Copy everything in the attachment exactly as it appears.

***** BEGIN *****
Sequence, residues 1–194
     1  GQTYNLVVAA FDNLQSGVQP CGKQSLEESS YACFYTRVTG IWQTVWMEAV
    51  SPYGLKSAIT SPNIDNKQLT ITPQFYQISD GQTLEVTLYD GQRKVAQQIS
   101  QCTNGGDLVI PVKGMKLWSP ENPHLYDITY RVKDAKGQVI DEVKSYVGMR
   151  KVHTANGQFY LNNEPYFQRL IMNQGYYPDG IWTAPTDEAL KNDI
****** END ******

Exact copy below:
Sequence, residues 1–194
     1  GQTYNLVVAA FDNLQSGVQP CGKQSLEESS YACFYTRVTG IWQTVWMEAV
    51  SPYGLKSAIT SPNIDNKQLT ITPQFYQISD GQTLEVTLYD GQRKVAQQIS
   101  QCTNGGDLVI PVKGMKLWSP ENPHLYDITY RVKDAKGQVI DEVKSYVGMR
   151  KVHTANGQFY LNNEPYFQRL IMNQGYYPDG IWTAPTDEAL KNDI